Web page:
Asymmetric belowground carbon transfer in a diverse tree community

Shifra Avital, Ido Rog, Stav Livne-Luzon, Rotem Cahanovitc, Tamir Klein

Research output: Contribution to journalArticlepeer-review

1 Scopus citations


Mycorrhizal fungi can colonize multiple trees of a single or multiple taxa, facilitating bidirectional exchange of carbon between trees. Mycorrhiza-induced carbon transfer was shown in the forest, but it is unknown whether carbon is shared symmetrically among tree species, and if not, which tree species are better donors and which are better recipients. Here, we test this question by investigating carbon transfer dynamics among five Mediterranean tree species in a microcosm system, including both ectomycorrhizal (EM) and arbuscular (AM) plants. Trees were planted together in “community boxes” using natural soil from a mixed forest plot that serves as a habitat for all five tree species and their native mycorrhizal fungi. In each box, only the trees of a single species were pulse-labelled with 13CO2. We found that carbon transfer was asymmetric, with oak being a better donor, and pistacia and cypress better recipients. Shared mycorrhizal species may have facilitated carbon transfer, but their diversity did not affect the amount, nor timing, of the transfer. Overall, our findings in a microcosm system expose rich, but hidden, belowground interactions in a diverse population of trees and mycorrhizal fungi. The asymmetric carbon exchange among cohabiting tree species could potentially contribute to forest resilience in an uncertain future.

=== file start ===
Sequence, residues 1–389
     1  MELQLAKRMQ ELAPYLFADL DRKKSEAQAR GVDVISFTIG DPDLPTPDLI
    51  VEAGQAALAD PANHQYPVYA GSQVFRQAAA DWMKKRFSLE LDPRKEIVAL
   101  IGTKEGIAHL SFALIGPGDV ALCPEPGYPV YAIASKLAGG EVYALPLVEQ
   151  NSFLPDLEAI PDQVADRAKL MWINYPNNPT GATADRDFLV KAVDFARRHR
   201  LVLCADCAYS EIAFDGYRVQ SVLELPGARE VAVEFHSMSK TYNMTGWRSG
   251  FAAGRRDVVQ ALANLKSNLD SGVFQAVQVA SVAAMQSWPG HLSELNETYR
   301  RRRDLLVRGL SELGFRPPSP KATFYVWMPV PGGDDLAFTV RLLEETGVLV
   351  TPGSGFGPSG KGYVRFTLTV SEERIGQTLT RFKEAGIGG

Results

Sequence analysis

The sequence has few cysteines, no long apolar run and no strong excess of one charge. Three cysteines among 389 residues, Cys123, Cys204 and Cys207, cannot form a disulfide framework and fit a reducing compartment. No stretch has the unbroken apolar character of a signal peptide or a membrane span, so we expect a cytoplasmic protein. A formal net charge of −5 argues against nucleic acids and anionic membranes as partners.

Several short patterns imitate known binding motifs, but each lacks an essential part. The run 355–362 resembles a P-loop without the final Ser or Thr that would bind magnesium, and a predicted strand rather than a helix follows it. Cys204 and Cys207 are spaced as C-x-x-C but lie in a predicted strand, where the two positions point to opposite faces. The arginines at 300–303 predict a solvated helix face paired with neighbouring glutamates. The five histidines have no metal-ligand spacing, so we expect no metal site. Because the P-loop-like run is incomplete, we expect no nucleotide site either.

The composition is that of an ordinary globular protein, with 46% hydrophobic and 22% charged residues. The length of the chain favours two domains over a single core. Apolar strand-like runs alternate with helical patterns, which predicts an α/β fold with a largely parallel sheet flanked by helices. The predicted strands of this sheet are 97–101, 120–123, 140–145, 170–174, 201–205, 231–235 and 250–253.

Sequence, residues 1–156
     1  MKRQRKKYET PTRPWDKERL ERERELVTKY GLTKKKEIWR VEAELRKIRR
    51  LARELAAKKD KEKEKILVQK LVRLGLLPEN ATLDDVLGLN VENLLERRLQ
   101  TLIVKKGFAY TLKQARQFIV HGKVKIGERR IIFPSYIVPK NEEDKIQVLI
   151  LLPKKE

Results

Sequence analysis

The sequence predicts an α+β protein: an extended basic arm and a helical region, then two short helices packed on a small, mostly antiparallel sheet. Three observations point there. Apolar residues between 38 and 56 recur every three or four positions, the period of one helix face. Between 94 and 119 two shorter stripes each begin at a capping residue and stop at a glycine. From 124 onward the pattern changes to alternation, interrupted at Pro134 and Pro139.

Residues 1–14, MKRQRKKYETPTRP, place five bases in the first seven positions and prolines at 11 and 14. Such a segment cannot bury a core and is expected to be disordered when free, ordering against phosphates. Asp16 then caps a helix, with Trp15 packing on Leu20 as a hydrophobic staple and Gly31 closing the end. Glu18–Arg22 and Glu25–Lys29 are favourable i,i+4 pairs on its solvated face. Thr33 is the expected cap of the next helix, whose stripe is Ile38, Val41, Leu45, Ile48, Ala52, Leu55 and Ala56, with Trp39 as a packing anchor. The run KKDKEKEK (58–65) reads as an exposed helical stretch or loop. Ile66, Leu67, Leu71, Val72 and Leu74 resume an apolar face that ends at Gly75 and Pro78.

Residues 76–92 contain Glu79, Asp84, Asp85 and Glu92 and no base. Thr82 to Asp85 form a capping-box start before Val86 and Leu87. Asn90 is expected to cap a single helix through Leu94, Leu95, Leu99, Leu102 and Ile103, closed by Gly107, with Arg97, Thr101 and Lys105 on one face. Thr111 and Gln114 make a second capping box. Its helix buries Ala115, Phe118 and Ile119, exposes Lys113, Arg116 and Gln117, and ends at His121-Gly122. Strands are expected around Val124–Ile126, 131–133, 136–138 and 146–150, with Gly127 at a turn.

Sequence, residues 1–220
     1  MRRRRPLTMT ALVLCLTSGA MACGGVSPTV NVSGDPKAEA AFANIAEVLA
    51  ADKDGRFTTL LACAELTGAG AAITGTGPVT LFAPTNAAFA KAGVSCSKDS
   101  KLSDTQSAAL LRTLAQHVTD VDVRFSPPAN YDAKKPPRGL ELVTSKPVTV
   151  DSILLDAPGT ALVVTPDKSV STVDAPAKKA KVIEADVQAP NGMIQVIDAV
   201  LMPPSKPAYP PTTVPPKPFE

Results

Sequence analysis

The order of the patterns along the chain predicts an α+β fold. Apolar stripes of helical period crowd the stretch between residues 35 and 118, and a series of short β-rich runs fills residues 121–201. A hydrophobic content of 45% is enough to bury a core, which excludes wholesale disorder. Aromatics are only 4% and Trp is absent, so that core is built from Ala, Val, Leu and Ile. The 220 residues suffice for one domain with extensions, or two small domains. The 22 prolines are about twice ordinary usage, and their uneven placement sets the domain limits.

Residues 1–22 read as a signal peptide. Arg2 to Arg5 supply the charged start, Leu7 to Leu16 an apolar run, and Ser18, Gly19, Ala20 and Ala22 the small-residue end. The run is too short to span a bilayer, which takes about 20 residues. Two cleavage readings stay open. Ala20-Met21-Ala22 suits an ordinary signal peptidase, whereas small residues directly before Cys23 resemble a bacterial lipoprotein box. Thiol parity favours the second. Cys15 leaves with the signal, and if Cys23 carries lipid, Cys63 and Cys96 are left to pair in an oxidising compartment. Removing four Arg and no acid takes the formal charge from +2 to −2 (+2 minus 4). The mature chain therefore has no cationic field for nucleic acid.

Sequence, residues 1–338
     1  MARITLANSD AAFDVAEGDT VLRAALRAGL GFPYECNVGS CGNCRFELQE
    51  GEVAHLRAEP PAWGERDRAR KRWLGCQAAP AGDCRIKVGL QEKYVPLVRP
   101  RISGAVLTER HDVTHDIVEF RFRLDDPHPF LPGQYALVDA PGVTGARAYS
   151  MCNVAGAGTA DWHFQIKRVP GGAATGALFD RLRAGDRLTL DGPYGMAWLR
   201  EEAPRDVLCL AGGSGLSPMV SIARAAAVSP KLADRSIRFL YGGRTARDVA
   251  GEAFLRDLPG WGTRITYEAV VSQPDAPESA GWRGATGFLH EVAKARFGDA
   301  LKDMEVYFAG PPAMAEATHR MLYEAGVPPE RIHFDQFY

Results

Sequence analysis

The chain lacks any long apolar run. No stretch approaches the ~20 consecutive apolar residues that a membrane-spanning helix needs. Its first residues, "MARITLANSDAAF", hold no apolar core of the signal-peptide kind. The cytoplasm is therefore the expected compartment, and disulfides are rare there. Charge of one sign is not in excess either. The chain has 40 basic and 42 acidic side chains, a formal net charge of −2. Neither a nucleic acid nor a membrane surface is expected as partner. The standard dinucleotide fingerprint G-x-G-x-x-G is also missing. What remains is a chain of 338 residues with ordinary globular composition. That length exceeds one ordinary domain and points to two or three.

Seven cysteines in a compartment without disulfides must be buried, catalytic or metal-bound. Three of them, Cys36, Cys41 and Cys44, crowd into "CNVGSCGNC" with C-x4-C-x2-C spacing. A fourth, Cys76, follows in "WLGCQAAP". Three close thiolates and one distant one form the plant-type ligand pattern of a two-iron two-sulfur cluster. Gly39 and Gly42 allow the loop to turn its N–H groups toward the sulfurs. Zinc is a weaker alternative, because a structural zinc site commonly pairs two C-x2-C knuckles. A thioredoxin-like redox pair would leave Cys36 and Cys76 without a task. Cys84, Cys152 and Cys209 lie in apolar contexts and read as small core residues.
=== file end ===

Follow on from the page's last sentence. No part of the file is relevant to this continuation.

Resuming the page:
Original languageEnglish
Pages (from-to)3481-3495
Number of pages15
JournalMolecular Ecology
Issue number12
StatePublished - 1 Jun 2022
Externally publishedYes


  • CO labelling
  • carbon transfer
  • fungal community
  • mycorrhizal networks
  • resource sharing
  • rhizosphere

ASJC Scopus subject areas

  • Ecology, Evolution, Behavior and Systematics
  • Genetics


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